Computational-model-based analysis of context effects on harmonic expectancy

Satoshi Morimoto, Gerard B. Remijn, Yoshitaka Nakajima

    Research output: Contribution to journalArticlepeer-review

    Abstract

    Expectancy for an upcoming musical chord, harmonic expectancy, is supposedly based on automatic activation of tonal knowledge. Since previous studies implicitly relied on interpretations based on Western music theory, the underlying computational processes involved in harmonic expectancy and how it relates to tonality need further clarification. In particular, short chord sequences which cannot lead to unique keys are difficult to interpret in music theory. In this study, we examined effects of preceding chords on harmonic expectancy from a computational perspective, using stochastic modeling. We conducted a behavioral experiment, in which participants listened to short chord sequences and evaluated the subjective relatedness of the last chord to the preceding ones. Based on these judgments, we built stochastic models of the computational process underlying harmonic expectancy. Following this, we compared the explanatory power of the models. Our results imply that, even when listening to short chord sequences, internally constructed and updated tonal assumptions determine the expectancy of the upcoming chord.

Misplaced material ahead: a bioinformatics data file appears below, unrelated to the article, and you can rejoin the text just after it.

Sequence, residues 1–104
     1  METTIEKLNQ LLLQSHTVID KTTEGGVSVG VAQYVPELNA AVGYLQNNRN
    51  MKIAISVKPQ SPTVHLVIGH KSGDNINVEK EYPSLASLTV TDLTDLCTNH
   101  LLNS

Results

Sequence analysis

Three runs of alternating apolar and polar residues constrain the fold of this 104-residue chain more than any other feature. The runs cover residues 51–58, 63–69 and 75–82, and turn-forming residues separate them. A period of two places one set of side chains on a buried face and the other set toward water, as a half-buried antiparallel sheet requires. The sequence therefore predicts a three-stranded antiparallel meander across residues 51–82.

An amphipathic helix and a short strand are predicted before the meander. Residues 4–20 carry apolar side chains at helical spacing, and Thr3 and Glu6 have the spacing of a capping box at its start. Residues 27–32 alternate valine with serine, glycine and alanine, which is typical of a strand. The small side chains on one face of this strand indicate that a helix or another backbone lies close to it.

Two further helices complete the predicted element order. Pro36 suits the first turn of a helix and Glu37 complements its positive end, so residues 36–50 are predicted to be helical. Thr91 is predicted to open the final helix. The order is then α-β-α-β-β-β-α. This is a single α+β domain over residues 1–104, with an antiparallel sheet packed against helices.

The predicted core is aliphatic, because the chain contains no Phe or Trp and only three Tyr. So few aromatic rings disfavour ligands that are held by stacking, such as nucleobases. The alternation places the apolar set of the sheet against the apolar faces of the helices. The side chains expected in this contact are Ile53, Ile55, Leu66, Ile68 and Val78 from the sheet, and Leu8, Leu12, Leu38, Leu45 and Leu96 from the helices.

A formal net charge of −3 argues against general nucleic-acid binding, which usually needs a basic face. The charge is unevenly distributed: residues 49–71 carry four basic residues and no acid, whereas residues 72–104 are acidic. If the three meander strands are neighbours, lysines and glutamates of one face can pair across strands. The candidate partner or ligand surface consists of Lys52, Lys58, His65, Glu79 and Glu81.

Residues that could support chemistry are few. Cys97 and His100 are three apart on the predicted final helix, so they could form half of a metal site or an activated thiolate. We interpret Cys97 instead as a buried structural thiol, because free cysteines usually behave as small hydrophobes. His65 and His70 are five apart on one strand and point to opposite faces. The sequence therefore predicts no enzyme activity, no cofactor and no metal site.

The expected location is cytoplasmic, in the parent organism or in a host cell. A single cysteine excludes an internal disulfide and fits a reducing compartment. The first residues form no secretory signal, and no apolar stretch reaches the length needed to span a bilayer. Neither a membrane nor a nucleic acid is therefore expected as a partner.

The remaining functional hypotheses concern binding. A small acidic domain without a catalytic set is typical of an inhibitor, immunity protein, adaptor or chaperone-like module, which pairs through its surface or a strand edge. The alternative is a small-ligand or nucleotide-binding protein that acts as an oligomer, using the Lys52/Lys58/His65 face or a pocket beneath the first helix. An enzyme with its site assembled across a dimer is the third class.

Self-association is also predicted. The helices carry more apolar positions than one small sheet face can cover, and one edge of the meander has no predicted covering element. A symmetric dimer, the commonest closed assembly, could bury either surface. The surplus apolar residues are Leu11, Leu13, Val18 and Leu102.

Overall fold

Original languageEnglish
    Article numbere0151374
    JournalPloS one
    Volume11
    Issue number3
    DOIs
    Publication statusPublished - Mar 2016

    All Science Journal Classification (ASJC) codes

    • Biochemistry, Genetics and Molecular Biology(all)
    • Agricultural and Biological Sciences(all)
    • General

    Fingerprint

    Dive into the research topics of 'Computational-model-based analysis of context effects on harmonic expectancy'. Together they form a unique fingerprint.

    Cite this